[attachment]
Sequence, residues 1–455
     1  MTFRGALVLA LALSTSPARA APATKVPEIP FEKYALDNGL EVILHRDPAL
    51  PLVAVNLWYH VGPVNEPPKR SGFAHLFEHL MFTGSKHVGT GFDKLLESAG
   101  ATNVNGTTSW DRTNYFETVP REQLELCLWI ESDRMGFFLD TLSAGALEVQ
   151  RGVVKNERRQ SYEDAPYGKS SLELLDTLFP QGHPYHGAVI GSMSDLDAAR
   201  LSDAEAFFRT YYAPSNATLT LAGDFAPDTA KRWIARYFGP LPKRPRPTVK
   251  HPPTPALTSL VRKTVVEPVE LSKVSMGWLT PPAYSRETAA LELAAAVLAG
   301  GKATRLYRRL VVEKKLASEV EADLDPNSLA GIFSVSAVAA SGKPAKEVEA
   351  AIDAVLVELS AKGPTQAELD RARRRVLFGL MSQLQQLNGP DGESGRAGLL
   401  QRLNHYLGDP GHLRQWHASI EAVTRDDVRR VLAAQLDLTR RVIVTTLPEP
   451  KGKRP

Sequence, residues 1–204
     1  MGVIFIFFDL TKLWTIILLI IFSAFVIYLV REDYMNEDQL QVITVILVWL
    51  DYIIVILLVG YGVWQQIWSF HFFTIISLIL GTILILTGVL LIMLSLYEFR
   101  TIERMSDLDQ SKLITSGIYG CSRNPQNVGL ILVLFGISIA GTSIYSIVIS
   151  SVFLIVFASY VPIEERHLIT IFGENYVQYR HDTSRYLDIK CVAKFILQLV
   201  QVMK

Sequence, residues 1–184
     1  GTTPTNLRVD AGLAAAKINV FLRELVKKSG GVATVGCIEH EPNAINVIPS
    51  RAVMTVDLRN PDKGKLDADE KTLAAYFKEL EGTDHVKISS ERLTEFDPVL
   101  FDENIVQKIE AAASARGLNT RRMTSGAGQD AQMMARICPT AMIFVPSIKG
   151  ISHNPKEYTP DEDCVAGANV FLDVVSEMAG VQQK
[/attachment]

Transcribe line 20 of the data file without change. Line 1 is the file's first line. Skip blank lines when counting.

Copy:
    51  RAVMTVDLRN PDKGKLDADE KTLAAYFKEL EGTDHVKISS ERLTEFDPVL